Three-dimensional in Situ Temperature Measurement in Microsystems Using Brownian Motion of Nanoparticles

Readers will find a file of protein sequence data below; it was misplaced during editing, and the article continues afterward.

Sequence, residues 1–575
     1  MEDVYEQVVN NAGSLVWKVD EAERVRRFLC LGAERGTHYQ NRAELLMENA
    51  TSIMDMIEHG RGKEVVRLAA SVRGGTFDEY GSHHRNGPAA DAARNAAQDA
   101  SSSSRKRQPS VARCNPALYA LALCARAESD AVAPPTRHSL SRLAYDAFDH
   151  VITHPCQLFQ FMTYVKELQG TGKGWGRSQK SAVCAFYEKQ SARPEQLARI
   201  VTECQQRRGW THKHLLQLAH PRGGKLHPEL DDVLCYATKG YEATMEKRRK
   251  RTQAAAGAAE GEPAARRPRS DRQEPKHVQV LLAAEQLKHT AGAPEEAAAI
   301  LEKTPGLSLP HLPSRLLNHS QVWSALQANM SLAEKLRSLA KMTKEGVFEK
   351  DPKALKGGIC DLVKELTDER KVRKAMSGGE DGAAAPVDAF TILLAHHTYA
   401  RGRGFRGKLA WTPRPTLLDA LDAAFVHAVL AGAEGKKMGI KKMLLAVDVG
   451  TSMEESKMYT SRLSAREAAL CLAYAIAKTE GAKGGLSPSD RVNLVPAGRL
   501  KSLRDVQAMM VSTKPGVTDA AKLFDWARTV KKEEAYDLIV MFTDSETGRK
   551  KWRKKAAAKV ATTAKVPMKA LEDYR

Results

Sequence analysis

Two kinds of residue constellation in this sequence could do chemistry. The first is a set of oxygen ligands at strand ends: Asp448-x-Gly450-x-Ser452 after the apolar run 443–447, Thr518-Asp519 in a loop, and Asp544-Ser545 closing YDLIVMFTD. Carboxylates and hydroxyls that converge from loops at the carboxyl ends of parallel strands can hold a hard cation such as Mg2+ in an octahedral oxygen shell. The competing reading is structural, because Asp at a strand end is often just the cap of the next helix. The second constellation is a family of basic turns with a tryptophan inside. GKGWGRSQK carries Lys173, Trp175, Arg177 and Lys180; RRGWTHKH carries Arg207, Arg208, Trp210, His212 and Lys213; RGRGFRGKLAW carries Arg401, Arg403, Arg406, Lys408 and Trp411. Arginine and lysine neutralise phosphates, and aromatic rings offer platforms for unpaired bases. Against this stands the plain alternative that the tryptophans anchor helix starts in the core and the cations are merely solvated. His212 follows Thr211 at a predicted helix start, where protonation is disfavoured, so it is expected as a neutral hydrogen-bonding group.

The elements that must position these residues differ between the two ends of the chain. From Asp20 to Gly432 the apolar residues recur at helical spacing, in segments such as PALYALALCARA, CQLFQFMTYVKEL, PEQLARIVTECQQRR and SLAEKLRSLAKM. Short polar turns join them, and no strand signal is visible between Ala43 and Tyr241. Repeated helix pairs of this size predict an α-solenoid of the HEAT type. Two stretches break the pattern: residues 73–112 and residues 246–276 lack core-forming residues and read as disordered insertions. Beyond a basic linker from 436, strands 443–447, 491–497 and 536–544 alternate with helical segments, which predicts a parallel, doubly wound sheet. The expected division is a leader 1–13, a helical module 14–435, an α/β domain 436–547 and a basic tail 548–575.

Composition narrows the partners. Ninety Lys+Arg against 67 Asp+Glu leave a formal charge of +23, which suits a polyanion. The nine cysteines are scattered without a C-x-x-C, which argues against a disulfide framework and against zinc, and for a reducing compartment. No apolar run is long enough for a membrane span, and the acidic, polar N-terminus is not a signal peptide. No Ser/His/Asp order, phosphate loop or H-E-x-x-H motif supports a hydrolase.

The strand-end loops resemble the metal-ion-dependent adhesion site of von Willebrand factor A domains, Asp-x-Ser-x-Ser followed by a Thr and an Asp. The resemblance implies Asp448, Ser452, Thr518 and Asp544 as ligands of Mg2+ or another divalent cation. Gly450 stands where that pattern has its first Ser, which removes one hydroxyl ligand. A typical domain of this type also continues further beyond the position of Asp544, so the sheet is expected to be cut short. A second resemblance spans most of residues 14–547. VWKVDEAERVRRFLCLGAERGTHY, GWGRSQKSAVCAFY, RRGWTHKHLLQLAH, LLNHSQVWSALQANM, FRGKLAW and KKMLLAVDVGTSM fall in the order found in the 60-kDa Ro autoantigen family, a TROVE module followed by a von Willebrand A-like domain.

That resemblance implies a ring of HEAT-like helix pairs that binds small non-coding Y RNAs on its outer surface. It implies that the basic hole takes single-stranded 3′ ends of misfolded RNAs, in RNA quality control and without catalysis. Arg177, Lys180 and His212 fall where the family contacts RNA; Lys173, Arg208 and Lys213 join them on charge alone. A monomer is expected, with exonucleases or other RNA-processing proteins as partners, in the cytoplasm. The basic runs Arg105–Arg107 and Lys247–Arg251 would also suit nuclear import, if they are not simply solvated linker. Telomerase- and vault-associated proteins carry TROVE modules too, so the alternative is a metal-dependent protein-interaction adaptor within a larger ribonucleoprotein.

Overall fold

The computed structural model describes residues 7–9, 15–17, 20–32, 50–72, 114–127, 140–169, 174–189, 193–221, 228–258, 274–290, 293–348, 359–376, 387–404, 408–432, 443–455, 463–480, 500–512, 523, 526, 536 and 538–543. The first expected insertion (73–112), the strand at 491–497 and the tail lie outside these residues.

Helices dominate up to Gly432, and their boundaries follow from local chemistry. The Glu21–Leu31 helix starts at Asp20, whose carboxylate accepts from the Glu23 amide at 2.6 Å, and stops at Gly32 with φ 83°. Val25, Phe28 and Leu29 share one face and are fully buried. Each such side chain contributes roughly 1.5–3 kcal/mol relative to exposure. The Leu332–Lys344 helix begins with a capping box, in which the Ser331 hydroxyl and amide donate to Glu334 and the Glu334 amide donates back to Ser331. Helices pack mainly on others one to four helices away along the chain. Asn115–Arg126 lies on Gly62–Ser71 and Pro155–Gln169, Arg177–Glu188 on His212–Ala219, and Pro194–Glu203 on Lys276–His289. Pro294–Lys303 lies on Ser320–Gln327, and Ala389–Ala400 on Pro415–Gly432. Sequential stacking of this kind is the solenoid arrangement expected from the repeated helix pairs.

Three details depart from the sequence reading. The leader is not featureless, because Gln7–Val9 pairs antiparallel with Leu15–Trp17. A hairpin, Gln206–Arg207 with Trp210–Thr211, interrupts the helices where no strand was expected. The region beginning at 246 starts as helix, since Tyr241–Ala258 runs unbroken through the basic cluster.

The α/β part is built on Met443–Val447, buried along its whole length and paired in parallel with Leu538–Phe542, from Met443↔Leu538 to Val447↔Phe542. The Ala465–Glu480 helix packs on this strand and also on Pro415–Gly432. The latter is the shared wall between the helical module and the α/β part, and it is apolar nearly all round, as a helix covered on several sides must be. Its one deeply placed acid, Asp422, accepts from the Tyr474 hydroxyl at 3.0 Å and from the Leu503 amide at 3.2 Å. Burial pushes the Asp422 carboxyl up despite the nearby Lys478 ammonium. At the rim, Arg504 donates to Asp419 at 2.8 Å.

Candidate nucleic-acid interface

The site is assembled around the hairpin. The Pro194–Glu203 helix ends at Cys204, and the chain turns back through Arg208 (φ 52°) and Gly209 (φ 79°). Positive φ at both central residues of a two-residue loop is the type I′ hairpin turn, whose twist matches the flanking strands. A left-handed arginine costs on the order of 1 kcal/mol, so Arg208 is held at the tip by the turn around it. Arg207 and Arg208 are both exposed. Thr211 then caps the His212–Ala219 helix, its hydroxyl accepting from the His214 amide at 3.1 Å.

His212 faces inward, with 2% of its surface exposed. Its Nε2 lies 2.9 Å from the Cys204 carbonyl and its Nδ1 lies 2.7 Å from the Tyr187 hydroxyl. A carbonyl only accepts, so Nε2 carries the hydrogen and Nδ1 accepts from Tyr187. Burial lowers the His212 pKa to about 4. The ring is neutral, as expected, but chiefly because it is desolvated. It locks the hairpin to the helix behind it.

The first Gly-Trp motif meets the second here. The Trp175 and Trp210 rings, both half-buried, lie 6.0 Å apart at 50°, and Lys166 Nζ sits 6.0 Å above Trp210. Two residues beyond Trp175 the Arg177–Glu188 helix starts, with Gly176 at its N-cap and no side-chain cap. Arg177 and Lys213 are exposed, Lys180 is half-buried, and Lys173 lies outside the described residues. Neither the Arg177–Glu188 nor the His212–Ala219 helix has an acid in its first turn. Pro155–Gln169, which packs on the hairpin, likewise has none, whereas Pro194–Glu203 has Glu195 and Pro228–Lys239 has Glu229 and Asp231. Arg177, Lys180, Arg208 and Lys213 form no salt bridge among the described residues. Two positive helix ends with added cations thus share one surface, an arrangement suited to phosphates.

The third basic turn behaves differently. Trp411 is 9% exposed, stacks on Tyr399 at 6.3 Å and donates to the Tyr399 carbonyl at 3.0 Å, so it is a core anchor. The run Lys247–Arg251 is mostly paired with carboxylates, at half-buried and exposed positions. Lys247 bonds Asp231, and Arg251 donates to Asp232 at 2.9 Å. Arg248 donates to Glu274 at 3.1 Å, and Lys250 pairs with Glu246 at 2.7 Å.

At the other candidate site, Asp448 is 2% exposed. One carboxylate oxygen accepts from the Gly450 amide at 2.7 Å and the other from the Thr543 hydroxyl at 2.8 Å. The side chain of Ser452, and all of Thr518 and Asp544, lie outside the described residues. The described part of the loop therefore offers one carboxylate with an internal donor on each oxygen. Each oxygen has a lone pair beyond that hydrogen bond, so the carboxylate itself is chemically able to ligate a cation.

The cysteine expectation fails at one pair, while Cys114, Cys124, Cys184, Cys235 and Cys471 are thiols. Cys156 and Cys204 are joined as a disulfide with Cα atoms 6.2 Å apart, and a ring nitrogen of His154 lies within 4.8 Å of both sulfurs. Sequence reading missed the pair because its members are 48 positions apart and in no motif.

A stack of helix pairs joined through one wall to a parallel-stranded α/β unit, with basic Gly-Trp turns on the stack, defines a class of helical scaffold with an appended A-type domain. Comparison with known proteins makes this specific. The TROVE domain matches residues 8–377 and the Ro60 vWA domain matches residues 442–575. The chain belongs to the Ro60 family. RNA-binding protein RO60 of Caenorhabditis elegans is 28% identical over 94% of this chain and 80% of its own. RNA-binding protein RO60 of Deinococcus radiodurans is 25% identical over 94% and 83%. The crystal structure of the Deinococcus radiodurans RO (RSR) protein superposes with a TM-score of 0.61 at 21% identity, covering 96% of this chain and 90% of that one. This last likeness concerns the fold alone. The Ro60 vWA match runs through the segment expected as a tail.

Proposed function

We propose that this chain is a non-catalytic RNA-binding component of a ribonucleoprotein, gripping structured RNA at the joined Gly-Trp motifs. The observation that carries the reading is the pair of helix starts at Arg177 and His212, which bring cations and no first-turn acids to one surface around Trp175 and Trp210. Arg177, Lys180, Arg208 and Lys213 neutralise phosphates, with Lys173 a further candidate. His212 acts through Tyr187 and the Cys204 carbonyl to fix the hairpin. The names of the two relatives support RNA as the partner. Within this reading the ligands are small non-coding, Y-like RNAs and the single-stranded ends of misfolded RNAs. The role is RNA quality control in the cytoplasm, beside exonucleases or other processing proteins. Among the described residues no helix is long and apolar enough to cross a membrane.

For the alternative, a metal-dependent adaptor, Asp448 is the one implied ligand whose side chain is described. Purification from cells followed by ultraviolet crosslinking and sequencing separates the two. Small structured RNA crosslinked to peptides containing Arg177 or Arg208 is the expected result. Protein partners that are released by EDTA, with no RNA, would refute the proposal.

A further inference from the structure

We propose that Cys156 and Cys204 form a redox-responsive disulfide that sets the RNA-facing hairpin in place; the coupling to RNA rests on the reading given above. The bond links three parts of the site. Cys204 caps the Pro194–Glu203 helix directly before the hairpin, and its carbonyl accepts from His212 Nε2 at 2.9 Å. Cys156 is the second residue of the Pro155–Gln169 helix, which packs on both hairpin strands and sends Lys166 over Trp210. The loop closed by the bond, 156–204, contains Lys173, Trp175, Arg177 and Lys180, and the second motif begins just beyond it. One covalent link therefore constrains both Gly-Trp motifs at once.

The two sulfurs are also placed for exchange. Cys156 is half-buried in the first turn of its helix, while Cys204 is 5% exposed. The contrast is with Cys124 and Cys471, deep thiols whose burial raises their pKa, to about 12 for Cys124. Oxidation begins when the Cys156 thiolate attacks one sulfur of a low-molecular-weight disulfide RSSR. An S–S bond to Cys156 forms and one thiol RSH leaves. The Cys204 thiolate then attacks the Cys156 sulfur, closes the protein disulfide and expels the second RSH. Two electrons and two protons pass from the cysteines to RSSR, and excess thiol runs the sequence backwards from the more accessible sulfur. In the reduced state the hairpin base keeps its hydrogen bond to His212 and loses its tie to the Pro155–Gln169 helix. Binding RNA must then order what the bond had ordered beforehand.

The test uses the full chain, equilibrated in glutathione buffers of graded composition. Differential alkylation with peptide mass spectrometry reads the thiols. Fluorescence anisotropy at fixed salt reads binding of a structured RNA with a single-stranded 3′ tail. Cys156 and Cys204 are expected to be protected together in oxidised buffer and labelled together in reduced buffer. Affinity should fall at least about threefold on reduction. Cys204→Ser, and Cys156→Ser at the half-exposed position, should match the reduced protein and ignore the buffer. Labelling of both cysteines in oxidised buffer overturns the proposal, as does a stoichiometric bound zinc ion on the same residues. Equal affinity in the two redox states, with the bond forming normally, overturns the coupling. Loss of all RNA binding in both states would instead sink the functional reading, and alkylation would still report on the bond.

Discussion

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Recent developments in microsystems for chemical and biological analysis offer significant advantages over conventional methods, such as precise manipulation of samples and control of microenvironment. For many applications, the ability to control and measure temperature inside microfluidic devices is critical since temperature often affects biological or chemical processes. To address this need, we developed an in situ method for three-dimensionally resolved temperature measurement in microsystems. The temperature of the surrounding fluid is correlated from Brownian diffusion of suspended nanoparticles. We use video-microscopy in combination with image analysis software to selectively track nanoparticles in the focal plane. This method is superior with regards to reproducibility and reduced systematic errors since measuring Brownian diffusivity does not rely on fluorescence intensity or lifetime of fluorophores. The efficacy of the method is demonstrated by measuring spatial temperature profiles in various microfluidic devices that generate temperature gradients and by comparing these results with numerical simulations. We show that the method is accurate and can be used to extract spatial temperature variations in three dimensions. Compared to conventional methods that require expensive multiphoton optical sectioning setups, this technique is simple and inexpensive. In addition, we demonstrate the capability of this method as an in situ tool for simultaneously observing live cells under the microscope and monitoring the local temperature of the cell medium without biochemical interference, which is crucial for quantitative studies of cells in microfluidic devices.